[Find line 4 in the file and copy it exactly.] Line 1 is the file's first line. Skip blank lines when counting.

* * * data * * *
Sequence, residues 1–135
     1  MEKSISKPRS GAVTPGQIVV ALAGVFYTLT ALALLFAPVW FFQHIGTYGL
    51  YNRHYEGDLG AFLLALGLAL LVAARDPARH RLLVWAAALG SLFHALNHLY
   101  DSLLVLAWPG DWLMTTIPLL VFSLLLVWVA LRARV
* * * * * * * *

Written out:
   101  DSLLVLAWPG DWLMTTIPLL VFSLLLVWVA LRARV